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In $^{171} Yb$, nuclear spin $1/2$, there is a transition:

$^{2}S_{1/2}(F=0) \rightarrow\; ^{2} F_{7/2} (F=3)$

In this paper on p.3 (top-left) they say that $m_F^{(f)} = 0$ at the final state $^2 F_{7/2}$. At the beginning $m_F^{(i)} = 0$ - the only option. I don't get it: where did one unit of photon polarization go? This transition can't be allowed unless I don't understand the selection rules in this case (which is possible).


Say, we consider LC photon $\lambda = 1$:

1) If there is no nuclear spin, as it is for $^{172} Yb$, there are two transitions: $m_j^{(i)} = 1/2 \rightarrow m_j^{(f)}=3/2$ and $m_j^{(i)} = -1/2 \rightarrow m_j^{(f)}=1/2$.

2) For the case with $^{171} Yb$ shouldn't it be $m_f^{(i)}=0 \rightarrow m_f^{(f)}=1$ the only open transition?


Energy level diagram

enter image description here

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The transition you are looking at is not the usual electric-dipole transition. In fact, it is a highly forbidden 'octupole' transition (described also on p. 3 of the paper you linked). To see that it is not electric-dipole allowed, we can look at a few selection rules that are broken:

  1. The orbital angular momentum changes from $L=0$ (denoted $S$) to $L = 3$ (denoted by $F$). In an electric-dipole transition, this quantum number must change by exactly $\pm 1$.

  2. Similarly, the combined electron angular momentum $J$ changes from $1/2$ to $7/2$. In an electric-dipole transition, selection rules allow $J$ to change by 0 or $\pm 1$.

  3. The total atom angular momentum $F$ changes from 0 to 3. As with $J$, this value can only change by 0 or $\pm 1$ in electric-dipole transitions.

For these reasons, it is clear that the transition is not electric-dipole allowed. The other property of this transition that you noted is that $m_F =0 \to m_F = 0$. In fact this by itself does not violate selection rules, because this quantity is the projection of the angular momentum onto the quantization axis. For some polarizations of light (ie., parallel to the quantization axis), this can be possible (it's called a $\pi$ transition). For example, a typical Rubidium transition that is electric-dipole allowed would be $|5S_{1/2}, F=1, m_F=0\rangle \to |5P_{3/2}, F=2, m_F =0\rangle$.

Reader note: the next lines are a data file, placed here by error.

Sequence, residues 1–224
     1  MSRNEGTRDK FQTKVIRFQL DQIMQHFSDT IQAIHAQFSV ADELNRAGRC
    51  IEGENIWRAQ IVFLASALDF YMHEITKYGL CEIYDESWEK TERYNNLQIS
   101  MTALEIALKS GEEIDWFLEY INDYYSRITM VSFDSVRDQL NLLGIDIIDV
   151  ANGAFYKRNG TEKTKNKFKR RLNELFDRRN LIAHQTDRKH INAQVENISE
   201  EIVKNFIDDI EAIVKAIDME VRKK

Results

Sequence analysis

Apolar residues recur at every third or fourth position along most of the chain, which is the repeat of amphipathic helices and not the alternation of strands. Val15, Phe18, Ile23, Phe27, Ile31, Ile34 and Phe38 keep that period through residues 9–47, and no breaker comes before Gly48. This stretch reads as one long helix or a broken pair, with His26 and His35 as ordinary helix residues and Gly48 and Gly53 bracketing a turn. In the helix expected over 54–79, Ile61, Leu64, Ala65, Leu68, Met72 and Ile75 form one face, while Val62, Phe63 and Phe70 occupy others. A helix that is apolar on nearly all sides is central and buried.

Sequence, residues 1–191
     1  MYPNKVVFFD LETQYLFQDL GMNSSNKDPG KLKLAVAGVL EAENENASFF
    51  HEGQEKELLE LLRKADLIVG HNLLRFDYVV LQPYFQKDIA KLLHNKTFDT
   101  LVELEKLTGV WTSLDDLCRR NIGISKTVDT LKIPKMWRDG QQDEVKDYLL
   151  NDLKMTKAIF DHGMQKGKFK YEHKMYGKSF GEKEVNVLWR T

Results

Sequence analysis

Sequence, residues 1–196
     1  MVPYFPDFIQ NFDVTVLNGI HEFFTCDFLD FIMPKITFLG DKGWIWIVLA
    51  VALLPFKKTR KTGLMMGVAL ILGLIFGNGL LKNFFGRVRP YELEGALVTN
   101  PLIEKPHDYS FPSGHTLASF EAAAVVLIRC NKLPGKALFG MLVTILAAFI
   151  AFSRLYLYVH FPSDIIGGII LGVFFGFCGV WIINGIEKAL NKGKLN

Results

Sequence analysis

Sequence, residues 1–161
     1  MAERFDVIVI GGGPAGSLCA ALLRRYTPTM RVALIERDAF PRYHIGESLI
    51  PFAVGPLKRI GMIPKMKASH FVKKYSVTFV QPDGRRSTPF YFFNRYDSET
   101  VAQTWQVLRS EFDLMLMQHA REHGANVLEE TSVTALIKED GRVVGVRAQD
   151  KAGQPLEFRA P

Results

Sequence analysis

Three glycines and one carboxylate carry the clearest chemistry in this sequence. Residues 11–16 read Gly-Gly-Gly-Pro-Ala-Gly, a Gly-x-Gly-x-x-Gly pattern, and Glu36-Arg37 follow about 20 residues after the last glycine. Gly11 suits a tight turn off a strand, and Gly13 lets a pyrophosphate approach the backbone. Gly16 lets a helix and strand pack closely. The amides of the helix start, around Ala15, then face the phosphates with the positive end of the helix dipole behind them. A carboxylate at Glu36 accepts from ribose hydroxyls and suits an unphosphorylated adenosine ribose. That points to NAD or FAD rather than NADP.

In summary, while $m_F = 0 \to m_F =0$ does not break selection rules by itself, the other large changes in angular momentum quantum numbers make the Ytterbium transition highly forbidden.

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  • $\begingroup$ Thanks a lot for your response! If I use something like princeton.edu/~romalis/PHYS551/TensorOperators.pdf and extract the selection rules, Clebsch will prohibit $m_F^{(i)} \rightarrow m_F^{(f)}$. So. I think, they were considering some kind of non-collinear configuration... Otherwise, not sure how it could be allowed. $\endgroup$ – MsTais Jun 8 '18 at 0:27
  • $\begingroup$ If the polarization of the light is parallel to the quantization axis, then $m_F=0 \to m_F =0 $ is allowed. In the document you linked, look at the equation between (14) and (15): $\langle 0 0 | \vec{E} \cdot \vec{r} | 1 0 \rangle \ne 0$ $\endgroup$ – Harry Levine Jun 8 '18 at 2:18

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